The concept of low self-esteem is both intriguing and relevant. But how do we identify it, and how can we measure it accurately? Typically, individuals describe it as a feeling of inadequacy or a lack of self-worth. It’s often characterised by statements like, “I’m not good enough” or “I don’t like myself.” Interestingly, low self-esteem can originate from various sources, including negative past experiences, critical comments, or a sense of not fitting in.
The Influence of External Expectations:
Often, our self-esteem is influenced by societal expectations regarding our appearance, attire, and achievements. But who sets these standards? Frequently, we find ourselves striving to meet these expectations, seeking validation from others before we can truly feel good about ourselves.
The Comparison Trap:
One common pitfall is comparing ourselves to others. Reflect on the people you compare yourself to – do they tend to be individuals you perceive as “better” than you? This could be someone on social media with an idealised life, a person with an enviable physique, or someone who appears to have everything together. However, it’s crucial to remember that these comparisons often only consider the external aspects of a person.
It’s important to remind ourselves that every individual faces their own set of challenges and insecurities. We tend to be our harshest critics, scrutinising our flaws while forgetting that everyone has their struggles. The key difference lies in how we manage our inner critic.
To begin feeling better about ourselves, we must realistically assess our worth within the broader context of humanity, not just in comparison to a select few. Acknowledge your accomplishments and recognise that personal growth is a constant, ongoing process.
Acceptance and Change:
Understanding what we can change and what we cannot is crucial. Developing the ability to let go of what we cannot control is a valuable skill. We all possess the potential to become the person we aspire to be.
Empowering Internal Dialogue:
We often underestimate our own capabilities. By changing our perspective and adopting a more positive mindset, we can unleash our potential. It’s essential to realise that our external circumstances do not define us. Learning to navigate life’s uncertainties while staying focused on our goals is the key to personal growth.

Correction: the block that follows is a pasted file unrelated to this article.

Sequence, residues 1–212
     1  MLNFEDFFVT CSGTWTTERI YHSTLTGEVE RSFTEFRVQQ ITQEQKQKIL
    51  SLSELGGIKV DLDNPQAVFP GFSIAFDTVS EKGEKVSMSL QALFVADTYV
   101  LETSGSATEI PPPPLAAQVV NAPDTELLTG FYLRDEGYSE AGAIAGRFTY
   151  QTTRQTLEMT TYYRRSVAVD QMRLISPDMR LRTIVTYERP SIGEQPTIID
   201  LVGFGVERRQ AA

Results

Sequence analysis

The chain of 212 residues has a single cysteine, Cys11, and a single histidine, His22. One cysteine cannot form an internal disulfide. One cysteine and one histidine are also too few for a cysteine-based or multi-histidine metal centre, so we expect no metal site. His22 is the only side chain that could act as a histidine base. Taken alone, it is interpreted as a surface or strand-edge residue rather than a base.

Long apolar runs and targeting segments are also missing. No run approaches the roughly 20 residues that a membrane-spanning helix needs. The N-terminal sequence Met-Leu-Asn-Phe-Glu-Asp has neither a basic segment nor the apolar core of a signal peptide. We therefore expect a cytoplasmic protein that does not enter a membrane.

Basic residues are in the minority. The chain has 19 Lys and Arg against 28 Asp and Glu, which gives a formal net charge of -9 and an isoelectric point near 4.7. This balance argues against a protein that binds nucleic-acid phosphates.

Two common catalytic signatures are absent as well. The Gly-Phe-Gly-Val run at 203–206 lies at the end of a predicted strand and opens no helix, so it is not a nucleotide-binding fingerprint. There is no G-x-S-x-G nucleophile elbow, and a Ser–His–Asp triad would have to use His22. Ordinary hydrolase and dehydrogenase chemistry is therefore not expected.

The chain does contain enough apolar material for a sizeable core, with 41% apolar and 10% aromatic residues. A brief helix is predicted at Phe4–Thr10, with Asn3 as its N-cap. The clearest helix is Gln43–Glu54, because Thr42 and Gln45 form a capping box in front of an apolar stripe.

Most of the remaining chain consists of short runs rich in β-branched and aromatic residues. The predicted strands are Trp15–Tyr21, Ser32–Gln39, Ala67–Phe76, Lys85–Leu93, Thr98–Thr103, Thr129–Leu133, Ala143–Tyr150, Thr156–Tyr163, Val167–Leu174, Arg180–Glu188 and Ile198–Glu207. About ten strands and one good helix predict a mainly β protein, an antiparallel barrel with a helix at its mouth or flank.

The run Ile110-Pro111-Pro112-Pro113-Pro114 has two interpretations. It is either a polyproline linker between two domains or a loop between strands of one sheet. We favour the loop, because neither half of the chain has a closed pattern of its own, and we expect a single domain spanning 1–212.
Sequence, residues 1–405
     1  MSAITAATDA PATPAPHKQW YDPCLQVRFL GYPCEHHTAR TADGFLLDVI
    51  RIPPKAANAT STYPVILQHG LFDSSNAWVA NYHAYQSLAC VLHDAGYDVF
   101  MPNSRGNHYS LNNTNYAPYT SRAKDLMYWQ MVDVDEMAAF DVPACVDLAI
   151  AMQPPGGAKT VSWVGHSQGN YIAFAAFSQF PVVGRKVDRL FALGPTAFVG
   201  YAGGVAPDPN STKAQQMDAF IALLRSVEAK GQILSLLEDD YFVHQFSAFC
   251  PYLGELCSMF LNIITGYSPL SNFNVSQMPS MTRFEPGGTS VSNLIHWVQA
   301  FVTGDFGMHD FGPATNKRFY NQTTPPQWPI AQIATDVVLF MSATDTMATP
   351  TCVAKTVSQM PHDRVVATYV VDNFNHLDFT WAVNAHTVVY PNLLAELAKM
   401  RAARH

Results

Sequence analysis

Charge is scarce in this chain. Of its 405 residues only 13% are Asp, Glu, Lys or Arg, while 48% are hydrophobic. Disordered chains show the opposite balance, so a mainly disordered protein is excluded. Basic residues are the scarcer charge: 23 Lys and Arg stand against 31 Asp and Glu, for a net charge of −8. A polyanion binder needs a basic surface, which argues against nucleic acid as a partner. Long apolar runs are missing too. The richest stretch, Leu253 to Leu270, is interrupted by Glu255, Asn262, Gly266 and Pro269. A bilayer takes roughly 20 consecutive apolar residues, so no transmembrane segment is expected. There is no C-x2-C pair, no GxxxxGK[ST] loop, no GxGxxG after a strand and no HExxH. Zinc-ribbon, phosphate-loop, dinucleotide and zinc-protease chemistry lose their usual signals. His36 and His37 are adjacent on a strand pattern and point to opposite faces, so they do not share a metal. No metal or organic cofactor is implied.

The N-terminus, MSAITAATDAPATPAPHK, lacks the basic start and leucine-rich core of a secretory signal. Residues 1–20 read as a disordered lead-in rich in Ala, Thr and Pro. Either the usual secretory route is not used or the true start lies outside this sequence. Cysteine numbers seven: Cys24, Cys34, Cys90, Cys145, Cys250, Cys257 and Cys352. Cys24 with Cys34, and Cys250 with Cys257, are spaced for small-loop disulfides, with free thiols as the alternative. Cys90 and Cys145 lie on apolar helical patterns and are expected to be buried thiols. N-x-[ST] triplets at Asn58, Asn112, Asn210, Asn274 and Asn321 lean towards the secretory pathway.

Managing Thoughts and Feelings:
People who appear to have higher self-esteem may not necessarily find life easier. They simply have different internal processes for managing their thoughts, emotions, and subsequent behaviours. Regardless of our circumstances, we often contribute to our problems by how we handle our internal world. Learning to manage these thoughts and feelings, rather than suppressing them, empowers us to transition from the “dodgem car” of life to the “sports car” driving us toward our desired future.
In conclusion, self-esteem is a dynamic aspect of our lives that can be nurtured and enhanced. By understanding its sources, challenging unrealistic expectations, and developing the skills to manage our internal world, we can transition into a more confident and empowered version of ourselves. In this journey, we can move from being passive passengers in life to active drivers, navigating the uncertainties with resilience and determination. Remember, you have the potential to become the best version of yourself.
As renowned self-esteem expert Dr. Nathaniel Branden once said, “Self-esteem is the reputation we acquire with ourselves.” [Source: Branden, N. (1994). The Six Pillars of Self-Esteem. Bantam Books.]